Charlton Heston once said, “Political correctness is tyranny with manners.” And Voltaire is quoted as saying, “To learn who rules over you, simply find out who you are not allowed to criticize.” Political correctness has run amuck in our era; it is impossible to escape its tentacles. We encounter it regularly, whether it’s in our classrooms, the news, or simply talking to the neighbor next door. With President Trump’s campaign and election, the topic has become even more prevalent in the media. With all the hype and mania surrounding us, I think now is a good opportunity to discuss what we’re really dealing with.
To help us learn what we’re dealing with, let’s begin with a couple of definitions.
Google defines political correctness as:
“the avoidance, often considered as taken to extremes, of forms of expression or action that are perceived to exclude, marginalize, or insult groups of people who are socially disadvantaged or discriminated against.”
Merriam Webster defines political correctness this way:
“conforming to a belief that language and practices which could offend political sensibilities (as in matters of sex or race) should be eliminated.”
In the book, Well Versed, James Garlow writes:
“Political correctness is about control. Forcing people to use concocted terms defined by the political Left (progressives) obscures reality and purposefully creates confusion. It also puts people on the defensive by being constantly hyperconcerned about saying the wrong thing and being branded as a horrible, ignorant, person. Terminology and perceived or imagined prejudice becomes the issue – not the subject at hand. That effect is intended to disarm any objective dealing with real issues, while making the problem the one who disagrees…
“…Not surprisingly, the promoters and users of political correctness tactics are those who typically hate biblical truth, traditional morality, sexual restraint, personal responsibility, the nuclear family, or any other concept based on transcendent, unchanging truth revealed by an almighty God for our society’s good.”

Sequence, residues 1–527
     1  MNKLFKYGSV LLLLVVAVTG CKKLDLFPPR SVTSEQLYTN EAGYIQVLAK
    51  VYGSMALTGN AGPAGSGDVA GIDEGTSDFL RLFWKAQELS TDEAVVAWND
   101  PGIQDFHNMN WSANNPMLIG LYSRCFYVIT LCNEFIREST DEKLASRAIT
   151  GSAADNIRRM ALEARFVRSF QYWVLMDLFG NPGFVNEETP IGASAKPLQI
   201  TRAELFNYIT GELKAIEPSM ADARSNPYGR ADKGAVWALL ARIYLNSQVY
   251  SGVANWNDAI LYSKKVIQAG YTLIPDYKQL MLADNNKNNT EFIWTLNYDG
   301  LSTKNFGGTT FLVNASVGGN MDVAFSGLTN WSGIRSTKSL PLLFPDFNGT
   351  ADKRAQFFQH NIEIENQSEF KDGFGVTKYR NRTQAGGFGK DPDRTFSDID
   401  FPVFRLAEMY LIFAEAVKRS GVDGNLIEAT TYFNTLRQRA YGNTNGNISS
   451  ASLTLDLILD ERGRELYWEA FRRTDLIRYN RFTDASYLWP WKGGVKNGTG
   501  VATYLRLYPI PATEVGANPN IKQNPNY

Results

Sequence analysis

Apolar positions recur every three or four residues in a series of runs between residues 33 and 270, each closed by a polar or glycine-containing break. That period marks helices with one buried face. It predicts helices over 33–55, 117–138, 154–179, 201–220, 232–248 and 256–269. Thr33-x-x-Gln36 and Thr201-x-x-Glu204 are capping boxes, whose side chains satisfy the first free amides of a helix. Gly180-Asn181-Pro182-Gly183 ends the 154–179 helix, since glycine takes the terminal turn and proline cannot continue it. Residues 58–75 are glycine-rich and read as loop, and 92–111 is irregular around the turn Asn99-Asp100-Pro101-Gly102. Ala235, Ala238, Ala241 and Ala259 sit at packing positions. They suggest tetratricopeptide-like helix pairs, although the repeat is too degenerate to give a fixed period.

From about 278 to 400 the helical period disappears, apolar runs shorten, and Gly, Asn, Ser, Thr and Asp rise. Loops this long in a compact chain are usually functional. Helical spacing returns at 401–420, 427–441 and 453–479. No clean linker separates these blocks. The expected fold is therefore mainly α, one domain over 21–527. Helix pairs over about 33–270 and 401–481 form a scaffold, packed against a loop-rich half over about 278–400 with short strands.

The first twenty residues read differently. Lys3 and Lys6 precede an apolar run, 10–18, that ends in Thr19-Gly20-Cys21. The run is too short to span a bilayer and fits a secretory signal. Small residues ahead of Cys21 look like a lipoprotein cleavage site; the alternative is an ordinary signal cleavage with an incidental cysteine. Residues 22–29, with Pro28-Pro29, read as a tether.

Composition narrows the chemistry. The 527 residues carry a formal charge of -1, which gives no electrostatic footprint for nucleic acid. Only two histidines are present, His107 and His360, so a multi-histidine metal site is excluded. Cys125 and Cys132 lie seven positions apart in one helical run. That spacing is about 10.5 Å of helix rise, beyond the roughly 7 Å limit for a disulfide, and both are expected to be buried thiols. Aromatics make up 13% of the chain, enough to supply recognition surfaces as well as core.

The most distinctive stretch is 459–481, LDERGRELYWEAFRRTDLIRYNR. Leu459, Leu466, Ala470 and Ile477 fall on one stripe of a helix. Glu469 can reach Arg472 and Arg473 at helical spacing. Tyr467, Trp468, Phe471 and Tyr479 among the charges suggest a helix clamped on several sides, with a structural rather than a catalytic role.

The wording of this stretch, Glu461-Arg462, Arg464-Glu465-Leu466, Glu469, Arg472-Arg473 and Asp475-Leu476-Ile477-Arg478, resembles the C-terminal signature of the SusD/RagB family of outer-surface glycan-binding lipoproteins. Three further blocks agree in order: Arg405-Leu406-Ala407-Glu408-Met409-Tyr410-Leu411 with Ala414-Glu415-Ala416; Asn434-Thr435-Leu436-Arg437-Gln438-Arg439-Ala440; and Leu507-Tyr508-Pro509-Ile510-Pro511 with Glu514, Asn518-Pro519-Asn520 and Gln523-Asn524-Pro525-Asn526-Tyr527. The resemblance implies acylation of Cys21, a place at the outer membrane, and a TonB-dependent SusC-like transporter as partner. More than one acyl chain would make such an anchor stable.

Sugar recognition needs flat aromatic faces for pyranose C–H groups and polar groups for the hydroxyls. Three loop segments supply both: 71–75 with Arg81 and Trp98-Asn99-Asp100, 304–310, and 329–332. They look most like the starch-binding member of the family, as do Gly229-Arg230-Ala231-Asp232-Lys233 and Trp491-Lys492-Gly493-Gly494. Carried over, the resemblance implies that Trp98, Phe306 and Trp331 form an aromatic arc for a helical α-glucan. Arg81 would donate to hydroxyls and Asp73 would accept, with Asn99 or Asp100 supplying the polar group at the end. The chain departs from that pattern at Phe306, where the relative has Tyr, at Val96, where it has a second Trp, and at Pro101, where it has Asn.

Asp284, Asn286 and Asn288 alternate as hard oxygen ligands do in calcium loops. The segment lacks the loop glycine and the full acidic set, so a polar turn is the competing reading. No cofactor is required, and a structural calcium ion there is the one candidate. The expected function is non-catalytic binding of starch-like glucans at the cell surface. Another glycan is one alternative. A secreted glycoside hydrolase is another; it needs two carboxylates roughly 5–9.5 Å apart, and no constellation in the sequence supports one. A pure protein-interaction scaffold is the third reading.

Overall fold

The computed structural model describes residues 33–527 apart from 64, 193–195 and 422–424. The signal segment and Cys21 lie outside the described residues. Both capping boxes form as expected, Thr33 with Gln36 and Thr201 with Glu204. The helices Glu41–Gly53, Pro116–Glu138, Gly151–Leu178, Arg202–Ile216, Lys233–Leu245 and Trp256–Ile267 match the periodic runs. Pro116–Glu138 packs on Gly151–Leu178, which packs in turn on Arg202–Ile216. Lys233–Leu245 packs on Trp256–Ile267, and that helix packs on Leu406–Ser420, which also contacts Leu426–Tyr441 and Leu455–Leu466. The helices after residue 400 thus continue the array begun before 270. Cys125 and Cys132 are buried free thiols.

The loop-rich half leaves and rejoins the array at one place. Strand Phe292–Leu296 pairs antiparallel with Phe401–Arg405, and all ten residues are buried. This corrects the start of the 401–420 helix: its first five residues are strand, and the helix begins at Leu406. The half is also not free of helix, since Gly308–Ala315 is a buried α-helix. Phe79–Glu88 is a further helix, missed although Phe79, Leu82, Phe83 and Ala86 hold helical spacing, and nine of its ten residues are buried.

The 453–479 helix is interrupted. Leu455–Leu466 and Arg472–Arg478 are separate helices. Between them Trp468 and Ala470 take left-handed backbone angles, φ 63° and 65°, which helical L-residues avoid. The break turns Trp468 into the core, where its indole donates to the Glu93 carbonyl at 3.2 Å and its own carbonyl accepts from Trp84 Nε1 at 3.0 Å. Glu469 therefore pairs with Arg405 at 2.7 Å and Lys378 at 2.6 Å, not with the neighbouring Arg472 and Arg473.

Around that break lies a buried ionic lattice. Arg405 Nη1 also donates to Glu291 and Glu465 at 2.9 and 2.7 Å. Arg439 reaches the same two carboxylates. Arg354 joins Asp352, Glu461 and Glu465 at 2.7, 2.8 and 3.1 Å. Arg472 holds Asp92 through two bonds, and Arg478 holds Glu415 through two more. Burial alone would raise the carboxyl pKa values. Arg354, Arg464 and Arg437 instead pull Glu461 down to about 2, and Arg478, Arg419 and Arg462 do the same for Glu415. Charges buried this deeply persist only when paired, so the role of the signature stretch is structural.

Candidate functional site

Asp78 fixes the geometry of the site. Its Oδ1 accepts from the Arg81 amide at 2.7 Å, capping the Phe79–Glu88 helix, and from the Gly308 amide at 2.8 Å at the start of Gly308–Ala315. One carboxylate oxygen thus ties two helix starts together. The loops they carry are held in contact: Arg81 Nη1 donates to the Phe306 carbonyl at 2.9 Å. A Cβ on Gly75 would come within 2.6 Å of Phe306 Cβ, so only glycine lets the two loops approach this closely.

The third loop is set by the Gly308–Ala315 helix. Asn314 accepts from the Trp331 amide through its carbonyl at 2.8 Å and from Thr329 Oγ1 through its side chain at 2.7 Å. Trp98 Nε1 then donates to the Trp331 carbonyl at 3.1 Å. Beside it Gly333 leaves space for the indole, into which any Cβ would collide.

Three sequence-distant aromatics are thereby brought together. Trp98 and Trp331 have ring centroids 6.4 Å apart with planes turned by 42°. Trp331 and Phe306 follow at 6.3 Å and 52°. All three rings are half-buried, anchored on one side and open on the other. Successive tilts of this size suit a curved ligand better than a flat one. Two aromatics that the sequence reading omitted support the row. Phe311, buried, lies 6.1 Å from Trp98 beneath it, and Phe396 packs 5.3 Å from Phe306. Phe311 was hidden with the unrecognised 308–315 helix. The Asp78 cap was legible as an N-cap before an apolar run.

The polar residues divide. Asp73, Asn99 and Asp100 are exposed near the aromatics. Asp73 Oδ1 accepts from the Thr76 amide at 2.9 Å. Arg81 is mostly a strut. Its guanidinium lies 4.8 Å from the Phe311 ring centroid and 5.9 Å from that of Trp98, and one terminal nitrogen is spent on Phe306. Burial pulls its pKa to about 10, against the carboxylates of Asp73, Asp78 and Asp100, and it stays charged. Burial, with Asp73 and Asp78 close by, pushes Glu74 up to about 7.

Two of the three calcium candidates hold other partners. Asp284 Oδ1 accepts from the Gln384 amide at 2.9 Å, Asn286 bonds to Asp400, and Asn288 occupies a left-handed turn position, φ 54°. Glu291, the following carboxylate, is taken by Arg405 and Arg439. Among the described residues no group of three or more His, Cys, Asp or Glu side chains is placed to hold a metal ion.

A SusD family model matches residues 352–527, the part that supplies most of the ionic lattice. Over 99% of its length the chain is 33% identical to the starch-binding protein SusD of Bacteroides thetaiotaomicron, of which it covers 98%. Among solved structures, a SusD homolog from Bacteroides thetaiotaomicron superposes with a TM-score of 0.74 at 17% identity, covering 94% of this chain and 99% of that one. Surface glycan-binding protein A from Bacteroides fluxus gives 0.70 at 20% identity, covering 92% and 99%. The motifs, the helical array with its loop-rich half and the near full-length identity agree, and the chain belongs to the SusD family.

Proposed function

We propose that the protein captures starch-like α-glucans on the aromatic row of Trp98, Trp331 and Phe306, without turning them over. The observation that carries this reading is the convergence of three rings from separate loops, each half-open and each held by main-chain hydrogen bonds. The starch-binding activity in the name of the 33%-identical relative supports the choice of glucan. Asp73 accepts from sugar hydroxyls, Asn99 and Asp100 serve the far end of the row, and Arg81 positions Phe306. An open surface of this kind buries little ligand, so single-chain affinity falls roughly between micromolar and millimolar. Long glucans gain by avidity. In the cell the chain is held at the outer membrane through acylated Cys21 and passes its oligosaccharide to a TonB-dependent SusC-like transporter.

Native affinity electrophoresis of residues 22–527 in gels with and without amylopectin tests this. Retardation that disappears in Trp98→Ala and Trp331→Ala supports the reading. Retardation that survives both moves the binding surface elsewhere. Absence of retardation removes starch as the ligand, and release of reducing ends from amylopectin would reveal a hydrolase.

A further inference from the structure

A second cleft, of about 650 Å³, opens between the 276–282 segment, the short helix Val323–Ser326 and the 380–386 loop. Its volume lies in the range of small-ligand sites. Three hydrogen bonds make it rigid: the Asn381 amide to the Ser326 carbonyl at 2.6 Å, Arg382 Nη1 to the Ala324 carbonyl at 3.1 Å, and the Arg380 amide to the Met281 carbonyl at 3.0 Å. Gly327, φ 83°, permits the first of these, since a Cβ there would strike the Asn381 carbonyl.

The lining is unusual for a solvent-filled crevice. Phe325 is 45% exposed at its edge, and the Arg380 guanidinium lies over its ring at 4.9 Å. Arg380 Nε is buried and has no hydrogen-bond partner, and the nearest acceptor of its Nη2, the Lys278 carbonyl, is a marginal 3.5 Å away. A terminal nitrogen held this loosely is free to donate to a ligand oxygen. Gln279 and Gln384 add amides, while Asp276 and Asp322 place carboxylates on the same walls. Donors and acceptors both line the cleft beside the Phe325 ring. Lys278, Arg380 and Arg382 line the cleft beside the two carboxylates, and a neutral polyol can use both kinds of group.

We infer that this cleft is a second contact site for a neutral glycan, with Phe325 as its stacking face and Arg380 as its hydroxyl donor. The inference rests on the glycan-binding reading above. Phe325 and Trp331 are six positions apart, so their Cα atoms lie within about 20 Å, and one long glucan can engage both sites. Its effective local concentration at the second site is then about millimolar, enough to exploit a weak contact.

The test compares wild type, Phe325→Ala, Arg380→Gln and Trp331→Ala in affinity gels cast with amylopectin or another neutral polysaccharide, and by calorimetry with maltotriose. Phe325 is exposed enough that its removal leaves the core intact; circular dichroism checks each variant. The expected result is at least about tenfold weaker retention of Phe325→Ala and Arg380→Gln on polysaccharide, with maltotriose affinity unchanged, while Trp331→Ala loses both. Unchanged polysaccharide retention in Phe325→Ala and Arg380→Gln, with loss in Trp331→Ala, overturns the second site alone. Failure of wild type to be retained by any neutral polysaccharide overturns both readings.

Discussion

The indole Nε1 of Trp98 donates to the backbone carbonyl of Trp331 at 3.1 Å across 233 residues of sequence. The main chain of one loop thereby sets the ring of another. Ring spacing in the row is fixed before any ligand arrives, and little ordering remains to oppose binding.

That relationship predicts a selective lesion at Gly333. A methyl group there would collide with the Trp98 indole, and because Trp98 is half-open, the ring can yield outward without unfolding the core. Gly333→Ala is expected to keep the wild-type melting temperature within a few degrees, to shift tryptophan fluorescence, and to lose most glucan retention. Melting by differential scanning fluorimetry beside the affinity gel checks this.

Political correctness has really only come into play within the last 100 years or so, with the rise of Marxism and socialist ideology. Tolerance has become the Left’s motto; but, I would ask, tolerance for whom? In A Critique of Pure Tolerance — a book published in 1969 — one of its authors, Herbert Marcuse, defines “liberating tolerance” as “intolerance for anything coming from the Right and tolerance for anything coming from the Left.” Isn’t this exactly the hypocrisy we are witnessing in the aftermath of last year’s presidential election?
A recent article in the Washington Times touched on this very thing:
“On the small side of political correctness, a couple of the Rockettes’ refusal to perform with their troupe at the Trump inauguration reveals standard PC hypocrisy. The same liberals who are defending the aggrieved Rockettes as if they were Soviet dissidents have no problem with Christian bakers, florists, photographers and wedding planners to violate their faith and conscience by being forced to provide services for same-sex weddings.”
Political Correctness and the First Amendment
Personally, I don’t think any discussion on political correctness would be complete without analyzing it in light of the First Amendment, which reads as follows:
“Congress shall make no law respecting an establishment of religion, or prohibiting the free exercise thereof; or abridging the freedom of speech, or of the press; or the right of the people peaceably to assemble, and to petition the government for a redress of grievances.”
Freedom of speech is a right given to us in the U.S. Constitution. The right to speak freely, and hear what is freely spoken, is a right guaranteed to every U.S. citizen by our Constitution. If someone, or a group of people, is allowed to censor the content of speech before it is allowed to reach the general public, what keeps this from being defined as tyranny? When we realize that freedom of speech is our right, it helps us realize that we do have ground to stand on when defending it.